1. ## Nice Probability Inequalities

Hi all, I am new to this forum, but think It's a great idea! I have posted two questions, neither of which were unfortunately answered. But, it's ok, cos it made me figure out one of the questions on my own and plus people aren't obliged to answer your questions : ) here are three elementary inequalities that I'm trying to prove. For the 1st case I think we need induction, tips would be appreciated. The second one, I think I need an elementary identity to prove it, which I can't think of so I'm feeling sloooow and the third I haven't even attempted. Thanks for your help.

Prove:

a)

$\displaystyle \mathbb {P} [\bigcap _{i=1} ^ {n} A_i] \geq \mathbb {P}[A_1] + ... + \mathbb {P}[A_n] - (n-1)$

for any events $\displaystyle A_1, .... , A_n$

b)

$\displaystyle {\frac {-1}_{4}} \leq \mathbb {P}[A\cap B]-\mathbb {P}[A]\mathbb {P}[B] \leq {\frac {1}_{4}}$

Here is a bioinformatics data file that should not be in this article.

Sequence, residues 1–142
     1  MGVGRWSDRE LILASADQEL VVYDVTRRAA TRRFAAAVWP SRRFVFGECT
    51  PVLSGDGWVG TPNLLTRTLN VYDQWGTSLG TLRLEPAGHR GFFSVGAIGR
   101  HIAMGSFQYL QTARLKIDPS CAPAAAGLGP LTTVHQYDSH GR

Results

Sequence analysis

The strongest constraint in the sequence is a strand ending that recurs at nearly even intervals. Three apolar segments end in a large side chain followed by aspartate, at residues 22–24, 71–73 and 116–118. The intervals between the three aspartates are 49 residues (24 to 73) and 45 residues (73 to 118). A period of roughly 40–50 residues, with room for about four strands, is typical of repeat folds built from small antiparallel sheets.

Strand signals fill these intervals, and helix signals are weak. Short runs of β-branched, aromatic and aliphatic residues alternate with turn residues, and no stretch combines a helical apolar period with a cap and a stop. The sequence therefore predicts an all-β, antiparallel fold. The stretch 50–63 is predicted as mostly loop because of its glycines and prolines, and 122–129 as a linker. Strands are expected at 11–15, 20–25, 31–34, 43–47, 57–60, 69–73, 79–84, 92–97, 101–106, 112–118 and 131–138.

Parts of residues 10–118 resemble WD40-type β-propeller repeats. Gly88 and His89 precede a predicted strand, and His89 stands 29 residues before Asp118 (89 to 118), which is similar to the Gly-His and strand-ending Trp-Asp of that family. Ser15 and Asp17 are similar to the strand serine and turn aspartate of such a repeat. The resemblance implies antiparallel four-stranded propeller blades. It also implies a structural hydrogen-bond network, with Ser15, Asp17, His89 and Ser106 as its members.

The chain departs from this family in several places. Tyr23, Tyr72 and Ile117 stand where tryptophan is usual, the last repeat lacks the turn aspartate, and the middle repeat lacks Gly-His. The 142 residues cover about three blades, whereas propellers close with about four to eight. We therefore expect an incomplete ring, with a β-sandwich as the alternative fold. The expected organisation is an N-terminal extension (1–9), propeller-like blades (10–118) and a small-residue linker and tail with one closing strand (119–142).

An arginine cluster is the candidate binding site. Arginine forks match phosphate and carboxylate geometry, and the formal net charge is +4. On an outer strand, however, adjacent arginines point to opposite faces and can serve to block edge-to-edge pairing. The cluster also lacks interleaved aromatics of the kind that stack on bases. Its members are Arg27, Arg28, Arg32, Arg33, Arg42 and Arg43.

for any events A & B.

c)

$\displaystyle |\mathbb{P}[A\cap B]-\mathbb{P}[A\cap C]| \leq \mathbb{P}[(B-C)\cup (C-B)]$

for any events A, B and C.

2. Ok, so the first part just uses a straightforward induction like I thought; we just use P (A cup B) = P (A) + P (B) - P (A cap B) and it pops out. Still wondering about parts b) & c)....any thoughts yet?

3. ## Part C) done!

Part C is also not difficult. It's easy to prove that:

$\displaystyle |P(X) - P(Y)| \leq P(X \Delta Y)$ for any sets X & Y.

It's also clear that:

$\displaystyle (A \cap B) \Delta (A \cap C) \subset (B \Delta C)$ and the inequality follows.

Only part b) left.....come on guys.